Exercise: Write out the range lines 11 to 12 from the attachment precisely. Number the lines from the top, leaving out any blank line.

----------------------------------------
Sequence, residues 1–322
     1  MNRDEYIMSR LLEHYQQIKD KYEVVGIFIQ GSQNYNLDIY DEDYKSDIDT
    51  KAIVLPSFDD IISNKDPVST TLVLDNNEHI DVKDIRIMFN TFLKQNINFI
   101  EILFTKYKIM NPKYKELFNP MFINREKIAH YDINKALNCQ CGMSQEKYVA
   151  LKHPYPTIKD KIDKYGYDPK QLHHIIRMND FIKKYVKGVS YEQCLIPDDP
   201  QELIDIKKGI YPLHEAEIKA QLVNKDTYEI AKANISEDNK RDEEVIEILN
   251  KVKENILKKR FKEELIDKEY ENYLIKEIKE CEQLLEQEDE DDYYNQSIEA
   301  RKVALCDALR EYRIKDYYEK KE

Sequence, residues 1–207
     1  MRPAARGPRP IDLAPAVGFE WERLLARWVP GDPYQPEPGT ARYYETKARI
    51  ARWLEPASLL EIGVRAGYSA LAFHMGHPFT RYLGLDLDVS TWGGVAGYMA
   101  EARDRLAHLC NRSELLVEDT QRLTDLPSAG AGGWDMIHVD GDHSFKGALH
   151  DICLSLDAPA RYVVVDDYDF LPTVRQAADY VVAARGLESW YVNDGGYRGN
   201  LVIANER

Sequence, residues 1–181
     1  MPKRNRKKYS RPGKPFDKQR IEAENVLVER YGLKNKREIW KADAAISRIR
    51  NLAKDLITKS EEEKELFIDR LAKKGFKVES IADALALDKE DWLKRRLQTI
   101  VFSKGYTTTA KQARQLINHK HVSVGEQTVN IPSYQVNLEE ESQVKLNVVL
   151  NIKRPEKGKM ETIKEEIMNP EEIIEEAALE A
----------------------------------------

    51  ARWLEPASLL EIGVRAGYSA LAFHMGHPFT RYLGLDLDVS TWGGVAGYMA
   101  EARDRLAHLC NRSELLVEDT QRLTDLPSAG AGGWDMIHVD GDHSFKGALH